3. A legalization of prostitution will lead to a massive increase in prostitution, both in the legal and illegal industry. Germany and the Netherlands have seen this, as has the state of Victoria in Australia, where illegal brothels have tripled since the introduction of a legalised system (Sullivan 2007). This also means a massive increase in crime, in trafficking, in abuse and violence, and in STDs. And in prostitution, STDs are violence done to women: The pressure on women in prostitution in Germany is so strong that very many feel compelled to undergo sexual acts without any protection. Prostitution by its very nature cannot be made “safe”. It cannot be made “profitable” enough for a state to offset its costs in money – even if that were considered an ethical approach. It cannot be turned or changed or modified or regulated into anything but an abusive practice, hurtful to the women (and men) in prostitution and to every woman in a society that deems prostitution acceptable.

We ask you to listen to survivors and to hold men who prostitute women accountable. We also ask you to look at the situation in Germany and by comparison in Sweden. Do not expose Lithuanian women to prostitution by turning it into a state-accepted method of generating acceptable revenue.

 

Yours sincerely,

Amber Aprilchild (USA)

Kathleen Barry, Ph.D. Sociologist and Professor Emerita of Penn State University

Autumn Burris, Survivors for Solutions (USA)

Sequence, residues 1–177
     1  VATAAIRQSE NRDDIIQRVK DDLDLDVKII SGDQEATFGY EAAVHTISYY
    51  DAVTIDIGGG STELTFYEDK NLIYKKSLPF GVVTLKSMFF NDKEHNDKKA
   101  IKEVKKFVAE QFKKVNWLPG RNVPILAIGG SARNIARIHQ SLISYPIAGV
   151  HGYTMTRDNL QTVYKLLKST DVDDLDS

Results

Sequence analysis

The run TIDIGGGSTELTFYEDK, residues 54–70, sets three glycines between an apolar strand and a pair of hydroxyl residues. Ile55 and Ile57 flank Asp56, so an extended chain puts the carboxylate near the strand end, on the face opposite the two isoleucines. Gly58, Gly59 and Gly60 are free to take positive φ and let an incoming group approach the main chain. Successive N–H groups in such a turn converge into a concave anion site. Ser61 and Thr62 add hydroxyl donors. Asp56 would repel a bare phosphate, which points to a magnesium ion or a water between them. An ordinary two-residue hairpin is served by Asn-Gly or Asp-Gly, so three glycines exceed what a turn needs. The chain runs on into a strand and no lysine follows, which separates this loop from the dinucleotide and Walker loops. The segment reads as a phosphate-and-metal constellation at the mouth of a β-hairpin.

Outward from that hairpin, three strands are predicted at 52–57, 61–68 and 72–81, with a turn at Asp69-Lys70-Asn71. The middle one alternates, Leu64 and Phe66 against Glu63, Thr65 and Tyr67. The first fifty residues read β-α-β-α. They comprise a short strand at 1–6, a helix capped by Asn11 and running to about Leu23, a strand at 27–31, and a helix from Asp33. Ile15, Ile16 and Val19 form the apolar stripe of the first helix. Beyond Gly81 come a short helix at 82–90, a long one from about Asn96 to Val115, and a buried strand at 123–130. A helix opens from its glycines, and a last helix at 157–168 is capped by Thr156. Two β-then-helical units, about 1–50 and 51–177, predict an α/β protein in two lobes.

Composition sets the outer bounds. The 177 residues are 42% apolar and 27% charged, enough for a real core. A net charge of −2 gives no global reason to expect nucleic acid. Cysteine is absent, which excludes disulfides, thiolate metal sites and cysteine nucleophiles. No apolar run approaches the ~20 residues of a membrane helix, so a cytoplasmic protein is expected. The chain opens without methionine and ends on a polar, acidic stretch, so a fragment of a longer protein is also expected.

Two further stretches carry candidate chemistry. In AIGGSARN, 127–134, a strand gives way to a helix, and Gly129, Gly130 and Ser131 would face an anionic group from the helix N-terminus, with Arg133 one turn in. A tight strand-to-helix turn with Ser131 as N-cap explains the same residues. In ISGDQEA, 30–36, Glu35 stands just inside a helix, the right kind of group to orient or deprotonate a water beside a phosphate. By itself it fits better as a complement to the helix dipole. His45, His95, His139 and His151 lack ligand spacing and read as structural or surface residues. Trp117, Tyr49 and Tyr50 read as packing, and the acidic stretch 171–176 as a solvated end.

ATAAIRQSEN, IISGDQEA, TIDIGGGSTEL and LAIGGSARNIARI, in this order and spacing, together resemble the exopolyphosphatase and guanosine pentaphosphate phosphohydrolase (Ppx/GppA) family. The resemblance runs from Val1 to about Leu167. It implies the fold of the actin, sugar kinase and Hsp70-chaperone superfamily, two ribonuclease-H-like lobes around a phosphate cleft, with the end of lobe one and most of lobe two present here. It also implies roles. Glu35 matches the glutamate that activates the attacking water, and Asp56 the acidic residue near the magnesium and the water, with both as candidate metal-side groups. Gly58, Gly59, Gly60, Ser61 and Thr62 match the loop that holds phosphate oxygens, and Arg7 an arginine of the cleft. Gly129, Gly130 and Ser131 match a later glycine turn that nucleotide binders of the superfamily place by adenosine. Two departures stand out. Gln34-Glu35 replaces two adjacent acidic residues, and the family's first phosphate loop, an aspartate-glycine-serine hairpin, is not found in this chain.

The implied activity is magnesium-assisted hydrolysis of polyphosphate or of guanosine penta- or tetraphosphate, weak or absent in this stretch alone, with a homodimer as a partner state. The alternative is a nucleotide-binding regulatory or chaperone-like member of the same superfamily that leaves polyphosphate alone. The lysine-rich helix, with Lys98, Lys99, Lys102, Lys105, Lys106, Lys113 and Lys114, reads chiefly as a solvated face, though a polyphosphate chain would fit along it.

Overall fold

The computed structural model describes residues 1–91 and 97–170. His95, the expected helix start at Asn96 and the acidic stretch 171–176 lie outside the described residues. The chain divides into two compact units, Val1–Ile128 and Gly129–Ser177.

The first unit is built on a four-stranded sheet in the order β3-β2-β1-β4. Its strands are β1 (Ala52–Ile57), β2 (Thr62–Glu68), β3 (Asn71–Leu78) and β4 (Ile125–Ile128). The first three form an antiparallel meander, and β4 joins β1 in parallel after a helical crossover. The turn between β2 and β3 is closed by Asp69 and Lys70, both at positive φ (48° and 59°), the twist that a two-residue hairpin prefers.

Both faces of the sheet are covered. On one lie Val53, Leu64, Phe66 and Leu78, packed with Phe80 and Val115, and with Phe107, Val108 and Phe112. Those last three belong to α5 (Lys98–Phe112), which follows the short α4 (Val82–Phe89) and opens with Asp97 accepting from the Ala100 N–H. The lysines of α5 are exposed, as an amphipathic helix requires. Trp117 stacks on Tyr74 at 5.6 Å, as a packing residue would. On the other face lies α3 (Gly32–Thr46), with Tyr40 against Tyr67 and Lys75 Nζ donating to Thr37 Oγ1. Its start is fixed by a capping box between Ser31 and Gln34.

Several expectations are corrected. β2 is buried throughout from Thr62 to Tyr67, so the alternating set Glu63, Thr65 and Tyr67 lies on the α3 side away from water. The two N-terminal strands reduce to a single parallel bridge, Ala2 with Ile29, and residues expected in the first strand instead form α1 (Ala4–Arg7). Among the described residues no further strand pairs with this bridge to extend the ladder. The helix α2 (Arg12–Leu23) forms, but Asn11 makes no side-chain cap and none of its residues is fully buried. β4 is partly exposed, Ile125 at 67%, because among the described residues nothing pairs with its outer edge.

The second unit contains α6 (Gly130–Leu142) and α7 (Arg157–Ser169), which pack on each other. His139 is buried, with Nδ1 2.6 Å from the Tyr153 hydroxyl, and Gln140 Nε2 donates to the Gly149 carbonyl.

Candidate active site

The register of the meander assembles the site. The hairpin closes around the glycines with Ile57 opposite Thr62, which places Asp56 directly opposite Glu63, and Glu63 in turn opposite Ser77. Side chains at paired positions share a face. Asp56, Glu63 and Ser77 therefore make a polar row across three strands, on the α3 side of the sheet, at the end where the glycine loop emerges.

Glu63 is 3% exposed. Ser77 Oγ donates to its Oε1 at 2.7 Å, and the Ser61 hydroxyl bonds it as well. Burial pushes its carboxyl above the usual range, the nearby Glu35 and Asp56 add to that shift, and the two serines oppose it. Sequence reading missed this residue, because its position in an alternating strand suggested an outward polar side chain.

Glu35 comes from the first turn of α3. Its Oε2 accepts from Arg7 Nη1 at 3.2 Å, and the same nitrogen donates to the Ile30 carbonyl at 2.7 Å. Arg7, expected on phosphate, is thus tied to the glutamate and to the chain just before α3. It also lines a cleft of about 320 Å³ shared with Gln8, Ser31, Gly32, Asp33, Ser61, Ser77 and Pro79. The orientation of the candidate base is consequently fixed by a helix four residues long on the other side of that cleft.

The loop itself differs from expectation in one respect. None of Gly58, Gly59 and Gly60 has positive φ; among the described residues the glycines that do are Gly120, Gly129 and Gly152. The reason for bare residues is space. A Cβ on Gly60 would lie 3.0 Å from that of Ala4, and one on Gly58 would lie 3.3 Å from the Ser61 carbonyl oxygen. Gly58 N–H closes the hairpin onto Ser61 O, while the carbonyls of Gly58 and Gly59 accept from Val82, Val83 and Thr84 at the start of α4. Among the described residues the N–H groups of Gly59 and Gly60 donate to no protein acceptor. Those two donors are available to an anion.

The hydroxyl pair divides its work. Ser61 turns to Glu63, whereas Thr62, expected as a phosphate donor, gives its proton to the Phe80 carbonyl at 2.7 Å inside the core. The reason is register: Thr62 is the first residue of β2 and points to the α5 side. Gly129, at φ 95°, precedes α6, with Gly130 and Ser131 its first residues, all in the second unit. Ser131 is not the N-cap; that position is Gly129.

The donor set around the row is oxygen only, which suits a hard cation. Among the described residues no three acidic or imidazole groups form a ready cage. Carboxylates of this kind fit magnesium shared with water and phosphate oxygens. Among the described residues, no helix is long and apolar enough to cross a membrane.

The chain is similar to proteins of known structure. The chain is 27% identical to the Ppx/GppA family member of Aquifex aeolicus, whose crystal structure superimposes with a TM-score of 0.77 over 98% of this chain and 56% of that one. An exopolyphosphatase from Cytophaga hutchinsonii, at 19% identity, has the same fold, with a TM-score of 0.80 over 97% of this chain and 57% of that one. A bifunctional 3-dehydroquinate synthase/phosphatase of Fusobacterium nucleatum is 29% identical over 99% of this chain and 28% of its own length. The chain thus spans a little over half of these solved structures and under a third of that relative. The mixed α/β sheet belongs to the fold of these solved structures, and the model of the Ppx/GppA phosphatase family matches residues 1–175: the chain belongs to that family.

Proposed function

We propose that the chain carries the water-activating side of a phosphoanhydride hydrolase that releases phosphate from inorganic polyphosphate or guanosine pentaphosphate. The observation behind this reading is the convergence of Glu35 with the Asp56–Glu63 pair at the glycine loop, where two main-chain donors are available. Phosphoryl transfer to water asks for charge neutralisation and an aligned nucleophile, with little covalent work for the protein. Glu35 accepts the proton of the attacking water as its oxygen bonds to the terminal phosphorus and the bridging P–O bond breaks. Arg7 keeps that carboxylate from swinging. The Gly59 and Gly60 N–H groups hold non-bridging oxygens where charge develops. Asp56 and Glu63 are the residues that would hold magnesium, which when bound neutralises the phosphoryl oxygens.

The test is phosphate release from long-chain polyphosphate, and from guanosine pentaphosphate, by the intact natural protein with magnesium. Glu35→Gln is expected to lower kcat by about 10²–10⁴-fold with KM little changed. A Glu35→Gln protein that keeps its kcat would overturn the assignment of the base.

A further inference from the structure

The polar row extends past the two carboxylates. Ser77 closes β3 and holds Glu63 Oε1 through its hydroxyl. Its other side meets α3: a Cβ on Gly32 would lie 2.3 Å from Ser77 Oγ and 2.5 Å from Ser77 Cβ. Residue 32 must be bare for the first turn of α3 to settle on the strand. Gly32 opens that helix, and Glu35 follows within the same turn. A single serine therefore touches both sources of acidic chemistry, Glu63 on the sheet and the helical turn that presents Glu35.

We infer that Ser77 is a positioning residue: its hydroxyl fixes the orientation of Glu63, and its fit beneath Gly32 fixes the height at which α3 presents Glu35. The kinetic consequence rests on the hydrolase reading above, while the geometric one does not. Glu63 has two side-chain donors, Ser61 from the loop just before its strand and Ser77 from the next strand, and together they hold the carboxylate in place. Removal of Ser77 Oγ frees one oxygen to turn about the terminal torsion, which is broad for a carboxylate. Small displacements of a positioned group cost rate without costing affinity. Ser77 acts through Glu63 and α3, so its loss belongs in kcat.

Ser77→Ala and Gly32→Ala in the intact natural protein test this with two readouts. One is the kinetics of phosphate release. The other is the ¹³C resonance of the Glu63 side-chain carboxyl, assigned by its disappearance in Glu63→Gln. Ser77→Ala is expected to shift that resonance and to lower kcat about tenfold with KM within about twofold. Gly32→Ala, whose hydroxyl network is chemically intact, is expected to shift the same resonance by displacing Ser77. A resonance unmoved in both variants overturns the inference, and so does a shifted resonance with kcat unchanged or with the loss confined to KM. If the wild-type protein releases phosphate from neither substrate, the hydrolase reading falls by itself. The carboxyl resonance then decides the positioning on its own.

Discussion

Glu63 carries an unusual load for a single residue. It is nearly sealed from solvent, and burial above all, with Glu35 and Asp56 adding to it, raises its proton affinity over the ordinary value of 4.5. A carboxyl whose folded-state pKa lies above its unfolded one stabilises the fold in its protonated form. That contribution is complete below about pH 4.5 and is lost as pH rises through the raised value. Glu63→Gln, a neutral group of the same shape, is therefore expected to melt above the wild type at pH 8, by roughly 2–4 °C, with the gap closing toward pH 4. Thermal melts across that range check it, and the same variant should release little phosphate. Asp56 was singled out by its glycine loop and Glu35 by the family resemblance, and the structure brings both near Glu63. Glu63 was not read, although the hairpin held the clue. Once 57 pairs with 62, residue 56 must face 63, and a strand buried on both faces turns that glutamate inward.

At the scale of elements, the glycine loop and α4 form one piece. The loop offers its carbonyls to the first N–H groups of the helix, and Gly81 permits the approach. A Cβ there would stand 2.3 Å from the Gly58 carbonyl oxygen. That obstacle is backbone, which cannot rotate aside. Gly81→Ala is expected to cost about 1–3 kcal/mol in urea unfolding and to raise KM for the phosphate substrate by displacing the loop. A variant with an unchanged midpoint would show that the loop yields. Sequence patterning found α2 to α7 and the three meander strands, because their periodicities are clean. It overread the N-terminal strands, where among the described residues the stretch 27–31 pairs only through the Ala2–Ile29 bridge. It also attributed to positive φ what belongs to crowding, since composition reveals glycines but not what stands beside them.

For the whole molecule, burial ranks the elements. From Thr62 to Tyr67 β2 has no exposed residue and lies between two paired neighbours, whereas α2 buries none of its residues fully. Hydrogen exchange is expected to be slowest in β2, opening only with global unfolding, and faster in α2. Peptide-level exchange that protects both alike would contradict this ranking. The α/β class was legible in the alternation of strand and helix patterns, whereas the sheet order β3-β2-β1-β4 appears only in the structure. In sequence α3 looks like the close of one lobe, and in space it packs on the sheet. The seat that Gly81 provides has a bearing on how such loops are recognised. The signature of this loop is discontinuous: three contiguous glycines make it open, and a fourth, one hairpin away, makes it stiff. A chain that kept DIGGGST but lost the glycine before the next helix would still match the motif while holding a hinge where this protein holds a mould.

Kat Pinder (UK/Australia)

Inge Reed (Germany)

Agnete Strøm, Women’s Front of Norway (Norway)

Public Statement

This is a statement of clarification regarding Abolish Prostitution Now. It has become known to us that there are some people who, probably understandably, have gotten the impression that this movement has been driven mostly by allies, with minimal input from survivors of prostitution and sex-trafficking. We are taking this opportunity to send out the clear message that this is not the case.

While there has been only a small number of publicly visible sex-trade survivors involved in the Abolish Prostitution Now launch, there are a far greater number of us involved who must preserve our anonymity. We know that we do not need to convince anyone of the need for survivor anonymity, and misunderstandings like these are an unfortunate but understandable consequence of that.

We would also like to take this opportunity to repeat the call for support from survivors of prostitution and sex-trafficking, wherever in the world they may happen to be. All persons who have been harmed in systems of prostitution are welcomed and encouraged to sign on to the first draft of our survivors’ letter to the United Nations and the Council of Europe, and are encouraged also to contact Abolish Prostitution Now with any ideas or suggestions that might enable us to work together towards a prostitution-free world.

In solidarity,
The prostitution and sex-trafficking
survivors of Abolish Prostitution Now